Thursday, March 08, 2007

Life is good

David Vance has a nice post on A Tangled Web regarding the Sexual Orientation Regulations which makes a number of very pertinent points - most of which I agree with, but I do take issue with one thing that DV does say.

It concerns the profound impact that the Parliamentary Report on "Sexual Orientation Regulations" will have on ALL of us, and in particular those who try our best to follow the Christian faith. If you think it's tough being a Christian NOW, check this out.

Actually, I don't think it's particularly tough being a Christian in Britain today - certainly not an Anglican and certainly not when compared to being a Christian in, for instance, Saudi Arabia or Bethlehem.

There are 10 basic rules to follow, none of which are particularly challenging. There are no requirements for us to mutilate the genitals of our children, we can eat and drink pretty much anything, we don't have to dress in a certain way, we don't have to cover our faces with hair or fabric, there's no compulsion to go to church regularly and it's OK to dance, sing and generally have a bit of fun. It's really not that hard at all.

To help you stick to these 10 basic rules, Christianity supplies a comprehensive guide book to life which contains countless tips and advice on all sorts of issues - dealing with bereavement, coping with illness, managing debt, establishing trust and maintaining relationships - anything and everything is covered. I've lost count of the number of times I've heard someone say something along the lines of "there's no instruction manual for life". There is, and it's jolly good.

I'm lucky in a way, though. I'm not a regular, weekly church goer - I manage a couple of times a month at best - but there are three churches in my locality for me to divide my visits between depending on what mood I'm in. If I want a more traditional, solemn service I go to one particular church, but it's a bit plain. If I want to enjoy more classical church architecture with more of an aesthetic impact (and better acoustics) I go to another, but it's a bit further away. If I just want something I can walk to I go to the closest, but it's a bit happy-clappy.

All three churches have good congregations though. Not full to overflowing, but certainly well occupied with a good mix of age groups and social classes. I'm fortunate to have several very good friends who I've met through being a Christian - and a fair number of more casual acquaintances - which means my family and I enjoy a healthy social life.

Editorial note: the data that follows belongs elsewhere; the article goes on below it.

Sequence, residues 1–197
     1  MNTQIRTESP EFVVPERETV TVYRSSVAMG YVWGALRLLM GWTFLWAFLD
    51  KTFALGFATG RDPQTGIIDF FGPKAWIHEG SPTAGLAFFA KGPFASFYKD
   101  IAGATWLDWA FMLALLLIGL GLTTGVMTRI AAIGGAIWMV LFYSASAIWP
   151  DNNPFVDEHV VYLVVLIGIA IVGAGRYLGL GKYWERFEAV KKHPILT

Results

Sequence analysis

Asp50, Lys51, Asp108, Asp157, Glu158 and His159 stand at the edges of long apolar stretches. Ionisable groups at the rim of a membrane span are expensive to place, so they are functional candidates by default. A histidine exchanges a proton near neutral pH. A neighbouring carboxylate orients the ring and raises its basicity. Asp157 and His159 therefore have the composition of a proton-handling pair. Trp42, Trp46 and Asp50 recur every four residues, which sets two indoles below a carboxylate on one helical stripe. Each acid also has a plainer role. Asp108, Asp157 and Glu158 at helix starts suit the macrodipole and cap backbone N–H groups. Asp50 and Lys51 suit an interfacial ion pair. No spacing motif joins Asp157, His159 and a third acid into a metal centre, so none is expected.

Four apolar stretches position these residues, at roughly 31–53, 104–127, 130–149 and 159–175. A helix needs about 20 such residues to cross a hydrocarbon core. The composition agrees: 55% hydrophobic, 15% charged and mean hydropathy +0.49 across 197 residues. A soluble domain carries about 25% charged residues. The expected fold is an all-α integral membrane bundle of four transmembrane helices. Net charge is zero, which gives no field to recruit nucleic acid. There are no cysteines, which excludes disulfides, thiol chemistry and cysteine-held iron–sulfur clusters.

All in all, being a Anglican Christian in Britain today is a doddle - in fact, I'm surprised more people don't try it. I often watch TV programmes where some poor soul is living a miserable, lonely existence and think to myself - get your arse down to your church, mate. Sing a couple of hymns, listen to a sermon - which generally tend not to be particularly preachy these days - and then have a chat with a few of the congregation. Maybe even a cup of coffee. You never know, you might actually make some friends and realise that life ain't so bad after all.


DV said...


Let me clarify my position! I suppose it is a bit pompous of me saying that being a Christian is tough, but I was really meaning as reagards following God's commandments, and how they increasingly conflict with UK law. So, for example, if a Christian who owns a B&B does refuse accommodations to two homosexuals -expect a visit to Court! I fully understand the nightmare that faces Christians in Saudi, or Pali-land, or Darfur, or southern Thailand and in that regard you make a great point.

Stan said...

I don't think it was pompous, David, and I completely agree with the view that their is an increasing tension between Christianity and law. A tension which I believe is purposeful - albeit unconscious.

However, Christian's have always faced challenges for following their faith and these increasingly conflicting laws will probably bring about new martyrs - but also new victories for Christianity. The row over the BA/cross situation was a case in point where Nadia Eweida was initially "martyred", but Christianity fought back and eventually won. That the fight was unorganised and yet still effective was quite telling. Imagine what could be done if Christianity started defending itself in an organised manner?

That's not happening with Williams at the helm of the C of E , but I can imagine Sentamu would be a whole different ball game.

Even so, for the most part, I still believe that being a Christian is pretty simple these days and there is always the words of our Saviour to fall back on. In the example you cite, I like to think of the phrase "render unto Caesar what is Caesar's" - which, to me, means, obey the law of the land you live in and if there is a conflict between that and your faith then reconcile that conflict privately between you and God.

That doesn't mean I think this law is right - I do not - but not because of my faith, just on common-sense. It should be the right of any business owner to choose who they do business with for whatever reason they wish - just as it is the right of the customer to withdraw that custom if they so wish for whatever reason they wish.

DV said...


Yes, agree with you. I often feel that if Christianity did mobilise better, we could push back a lot of the things that besit us!